An Indian court has told Google and Facebook to have a better check system that will eliminate "offensive and objectionable" content, or face banning.
An Indian court has threatened to block sites such as Facebook and Google unless they take steps to eliminate “offensive and objectionable” content.
“You must have a stringent check. Otherwise, like in China, we may pass orders banning all such websites,” the Delhi High Court said during a hearing on Thursday with legal representatives for Facebook and Google India.
Both companies should “develop a mechanism to keep a check and remove offensive and objectionable material from their web pages”, Justice Suresh Kait was quoted as saying by the Press Trust of India.
Communications Minister Kapil Sibal last month pledged a crackdown on “unacceptable” online content, saying internet service providers had ignored India’s demands to screen images and data before they are uploaded.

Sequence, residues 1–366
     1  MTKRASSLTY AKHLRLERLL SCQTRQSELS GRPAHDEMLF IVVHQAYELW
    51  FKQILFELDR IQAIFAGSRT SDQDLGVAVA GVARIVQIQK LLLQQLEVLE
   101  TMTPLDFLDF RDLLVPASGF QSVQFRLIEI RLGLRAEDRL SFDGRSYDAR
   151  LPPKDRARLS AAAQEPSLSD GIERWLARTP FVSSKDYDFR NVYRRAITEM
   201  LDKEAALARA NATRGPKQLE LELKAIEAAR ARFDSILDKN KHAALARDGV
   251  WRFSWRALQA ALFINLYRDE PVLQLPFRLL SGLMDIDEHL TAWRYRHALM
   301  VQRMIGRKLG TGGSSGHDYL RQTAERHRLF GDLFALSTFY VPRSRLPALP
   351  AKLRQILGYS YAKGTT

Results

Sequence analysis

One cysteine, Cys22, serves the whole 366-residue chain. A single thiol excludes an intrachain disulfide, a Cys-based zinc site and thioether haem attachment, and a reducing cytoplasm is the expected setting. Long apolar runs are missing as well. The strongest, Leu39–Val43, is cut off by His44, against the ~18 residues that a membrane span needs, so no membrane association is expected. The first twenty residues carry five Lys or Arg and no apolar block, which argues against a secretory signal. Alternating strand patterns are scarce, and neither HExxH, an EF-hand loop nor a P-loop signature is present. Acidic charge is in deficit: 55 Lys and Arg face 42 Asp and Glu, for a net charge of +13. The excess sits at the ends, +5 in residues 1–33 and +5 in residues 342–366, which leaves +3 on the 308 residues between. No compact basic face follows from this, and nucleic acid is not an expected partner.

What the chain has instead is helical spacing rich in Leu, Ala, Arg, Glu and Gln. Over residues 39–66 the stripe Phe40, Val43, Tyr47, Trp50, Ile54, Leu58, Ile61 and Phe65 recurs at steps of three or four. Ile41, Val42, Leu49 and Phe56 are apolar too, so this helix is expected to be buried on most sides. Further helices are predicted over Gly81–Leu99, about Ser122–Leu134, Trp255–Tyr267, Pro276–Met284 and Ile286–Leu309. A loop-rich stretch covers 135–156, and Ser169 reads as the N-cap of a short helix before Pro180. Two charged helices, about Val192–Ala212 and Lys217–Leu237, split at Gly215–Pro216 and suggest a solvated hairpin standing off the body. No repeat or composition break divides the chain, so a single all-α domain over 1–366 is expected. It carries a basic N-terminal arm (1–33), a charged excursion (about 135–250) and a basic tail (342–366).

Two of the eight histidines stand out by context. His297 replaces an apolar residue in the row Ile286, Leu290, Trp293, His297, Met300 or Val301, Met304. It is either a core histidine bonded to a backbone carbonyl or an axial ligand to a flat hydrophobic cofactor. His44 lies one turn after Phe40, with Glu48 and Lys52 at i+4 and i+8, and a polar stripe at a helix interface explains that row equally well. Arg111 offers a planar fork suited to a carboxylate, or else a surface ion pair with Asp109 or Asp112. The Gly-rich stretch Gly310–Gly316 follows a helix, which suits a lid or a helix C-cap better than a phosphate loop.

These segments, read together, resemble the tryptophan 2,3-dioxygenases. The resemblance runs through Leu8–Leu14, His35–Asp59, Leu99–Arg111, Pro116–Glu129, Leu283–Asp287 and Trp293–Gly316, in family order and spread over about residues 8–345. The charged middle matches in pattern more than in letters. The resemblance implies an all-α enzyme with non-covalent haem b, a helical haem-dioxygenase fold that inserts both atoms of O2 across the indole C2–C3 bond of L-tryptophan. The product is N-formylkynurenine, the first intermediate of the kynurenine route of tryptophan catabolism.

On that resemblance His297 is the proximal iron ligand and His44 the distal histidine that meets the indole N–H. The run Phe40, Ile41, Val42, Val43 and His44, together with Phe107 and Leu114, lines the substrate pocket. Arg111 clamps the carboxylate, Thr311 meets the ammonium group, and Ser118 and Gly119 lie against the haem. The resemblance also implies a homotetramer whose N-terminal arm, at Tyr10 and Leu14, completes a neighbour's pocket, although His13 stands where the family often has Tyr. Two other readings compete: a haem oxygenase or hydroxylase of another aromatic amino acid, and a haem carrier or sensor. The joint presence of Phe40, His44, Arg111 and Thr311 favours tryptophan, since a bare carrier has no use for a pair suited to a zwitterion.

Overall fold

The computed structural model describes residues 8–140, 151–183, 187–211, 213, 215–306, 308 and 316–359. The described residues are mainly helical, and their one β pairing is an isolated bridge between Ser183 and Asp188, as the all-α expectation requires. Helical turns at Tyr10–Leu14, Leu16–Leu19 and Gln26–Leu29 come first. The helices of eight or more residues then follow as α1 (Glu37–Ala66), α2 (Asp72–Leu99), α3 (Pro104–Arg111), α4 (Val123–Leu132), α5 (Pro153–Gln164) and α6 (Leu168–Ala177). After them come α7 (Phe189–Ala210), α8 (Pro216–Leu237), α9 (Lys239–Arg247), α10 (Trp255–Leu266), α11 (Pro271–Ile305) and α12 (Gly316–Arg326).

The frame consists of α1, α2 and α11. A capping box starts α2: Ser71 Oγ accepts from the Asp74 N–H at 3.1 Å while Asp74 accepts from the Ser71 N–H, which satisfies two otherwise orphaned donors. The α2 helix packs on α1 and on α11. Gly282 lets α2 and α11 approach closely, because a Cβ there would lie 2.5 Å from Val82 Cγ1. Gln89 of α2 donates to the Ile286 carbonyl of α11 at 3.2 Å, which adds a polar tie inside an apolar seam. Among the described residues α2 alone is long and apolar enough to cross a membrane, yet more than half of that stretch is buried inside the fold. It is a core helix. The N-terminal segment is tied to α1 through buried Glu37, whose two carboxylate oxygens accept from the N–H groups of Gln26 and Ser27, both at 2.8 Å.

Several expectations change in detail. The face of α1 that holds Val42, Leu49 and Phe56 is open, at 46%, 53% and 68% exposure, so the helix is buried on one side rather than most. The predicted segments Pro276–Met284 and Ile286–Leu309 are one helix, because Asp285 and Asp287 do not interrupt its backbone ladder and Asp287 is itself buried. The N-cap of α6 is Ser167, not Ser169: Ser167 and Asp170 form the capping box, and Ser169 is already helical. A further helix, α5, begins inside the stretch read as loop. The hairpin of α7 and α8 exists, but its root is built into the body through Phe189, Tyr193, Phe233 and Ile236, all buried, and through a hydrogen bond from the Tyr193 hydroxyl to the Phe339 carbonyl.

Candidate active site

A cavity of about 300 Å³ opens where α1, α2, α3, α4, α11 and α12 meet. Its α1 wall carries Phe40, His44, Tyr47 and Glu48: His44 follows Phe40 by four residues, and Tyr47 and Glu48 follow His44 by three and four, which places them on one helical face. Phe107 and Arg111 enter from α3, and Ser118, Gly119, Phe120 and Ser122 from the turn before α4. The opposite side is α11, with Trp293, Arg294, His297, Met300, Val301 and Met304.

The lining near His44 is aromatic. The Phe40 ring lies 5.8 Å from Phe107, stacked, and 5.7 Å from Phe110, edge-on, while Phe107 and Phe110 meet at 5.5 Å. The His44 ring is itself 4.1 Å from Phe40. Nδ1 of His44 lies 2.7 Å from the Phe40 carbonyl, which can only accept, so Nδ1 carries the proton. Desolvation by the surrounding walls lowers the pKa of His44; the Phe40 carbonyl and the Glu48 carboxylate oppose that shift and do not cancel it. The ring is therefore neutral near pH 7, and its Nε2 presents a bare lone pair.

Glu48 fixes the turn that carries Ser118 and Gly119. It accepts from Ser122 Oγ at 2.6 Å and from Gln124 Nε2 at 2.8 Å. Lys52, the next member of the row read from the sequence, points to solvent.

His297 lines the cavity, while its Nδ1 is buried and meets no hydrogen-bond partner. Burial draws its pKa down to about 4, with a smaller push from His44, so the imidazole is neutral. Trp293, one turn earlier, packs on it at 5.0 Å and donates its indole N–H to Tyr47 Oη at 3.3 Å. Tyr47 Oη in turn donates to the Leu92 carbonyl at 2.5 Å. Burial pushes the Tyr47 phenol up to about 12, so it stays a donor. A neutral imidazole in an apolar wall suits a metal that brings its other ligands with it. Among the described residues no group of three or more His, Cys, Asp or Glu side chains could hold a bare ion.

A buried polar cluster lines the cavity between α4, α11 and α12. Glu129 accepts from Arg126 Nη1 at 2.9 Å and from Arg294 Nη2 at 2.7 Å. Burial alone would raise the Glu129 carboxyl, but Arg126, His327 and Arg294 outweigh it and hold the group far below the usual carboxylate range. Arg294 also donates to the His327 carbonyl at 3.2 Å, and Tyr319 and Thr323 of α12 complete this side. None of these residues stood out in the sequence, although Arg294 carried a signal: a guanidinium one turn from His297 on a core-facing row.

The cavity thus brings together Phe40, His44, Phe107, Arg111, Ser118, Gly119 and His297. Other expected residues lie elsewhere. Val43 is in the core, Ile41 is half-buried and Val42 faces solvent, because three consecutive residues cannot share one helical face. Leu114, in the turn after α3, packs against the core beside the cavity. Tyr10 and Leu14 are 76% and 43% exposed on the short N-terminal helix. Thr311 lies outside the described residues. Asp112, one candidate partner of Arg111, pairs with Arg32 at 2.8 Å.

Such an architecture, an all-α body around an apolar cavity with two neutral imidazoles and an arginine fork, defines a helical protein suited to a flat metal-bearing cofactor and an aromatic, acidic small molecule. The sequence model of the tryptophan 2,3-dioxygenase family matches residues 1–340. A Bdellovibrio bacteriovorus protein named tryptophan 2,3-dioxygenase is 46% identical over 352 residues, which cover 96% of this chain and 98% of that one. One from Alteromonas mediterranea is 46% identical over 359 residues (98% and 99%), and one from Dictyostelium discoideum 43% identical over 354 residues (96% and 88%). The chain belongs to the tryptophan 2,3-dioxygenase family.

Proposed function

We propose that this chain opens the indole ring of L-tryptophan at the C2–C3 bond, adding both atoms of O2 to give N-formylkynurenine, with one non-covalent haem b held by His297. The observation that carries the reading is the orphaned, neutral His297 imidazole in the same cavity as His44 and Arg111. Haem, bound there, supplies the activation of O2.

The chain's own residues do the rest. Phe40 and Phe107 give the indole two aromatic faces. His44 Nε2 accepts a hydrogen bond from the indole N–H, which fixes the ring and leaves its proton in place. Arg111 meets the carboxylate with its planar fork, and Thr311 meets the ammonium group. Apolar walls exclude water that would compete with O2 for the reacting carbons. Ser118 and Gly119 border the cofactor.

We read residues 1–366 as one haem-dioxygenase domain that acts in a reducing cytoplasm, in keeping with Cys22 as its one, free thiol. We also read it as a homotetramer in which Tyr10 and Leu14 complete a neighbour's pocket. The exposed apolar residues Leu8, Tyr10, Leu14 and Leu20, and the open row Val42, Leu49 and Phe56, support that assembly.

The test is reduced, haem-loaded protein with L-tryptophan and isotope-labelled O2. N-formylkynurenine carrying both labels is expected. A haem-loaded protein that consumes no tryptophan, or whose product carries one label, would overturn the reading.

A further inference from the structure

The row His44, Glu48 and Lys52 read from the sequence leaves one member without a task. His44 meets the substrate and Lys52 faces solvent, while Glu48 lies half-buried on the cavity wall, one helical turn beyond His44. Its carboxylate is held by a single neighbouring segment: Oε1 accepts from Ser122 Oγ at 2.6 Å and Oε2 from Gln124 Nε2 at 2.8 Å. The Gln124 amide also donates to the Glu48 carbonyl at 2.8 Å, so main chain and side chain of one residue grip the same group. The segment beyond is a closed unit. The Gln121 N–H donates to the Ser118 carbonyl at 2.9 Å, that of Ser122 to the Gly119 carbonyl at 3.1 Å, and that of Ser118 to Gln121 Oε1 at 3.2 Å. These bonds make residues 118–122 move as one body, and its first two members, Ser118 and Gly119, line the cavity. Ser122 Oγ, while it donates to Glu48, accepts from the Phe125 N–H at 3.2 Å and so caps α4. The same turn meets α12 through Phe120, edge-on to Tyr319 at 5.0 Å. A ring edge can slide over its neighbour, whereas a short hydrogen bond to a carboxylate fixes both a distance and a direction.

He provided examples of faked naked pictures of Indian political leaders and religiously sensitive images.
Sibal’s comments provoked anger and derision among Indian internet users, with experts arguing that such demands could not be enforced and smacked of state censorship.
“No human interference is possible and, moreover, it can’t be feasible to check such incidents,” Mukul Rohatgi, a lawyer for Google India, told the high court hearing.
India, the world’s largest democracy, has more than 110 million internet users out of a population of 1.2 billion, with predictions that 600 million people will be online in the next five years.
Facebook and Google had moved the high court to stay a summons issued last month by a lower court that is hearing a private criminal complaint against them.
Facebook is officially blocked in China, while Google pulled its search engine out of the country two years ago after a confrontation with Chinese authorities over censorship.—AFP.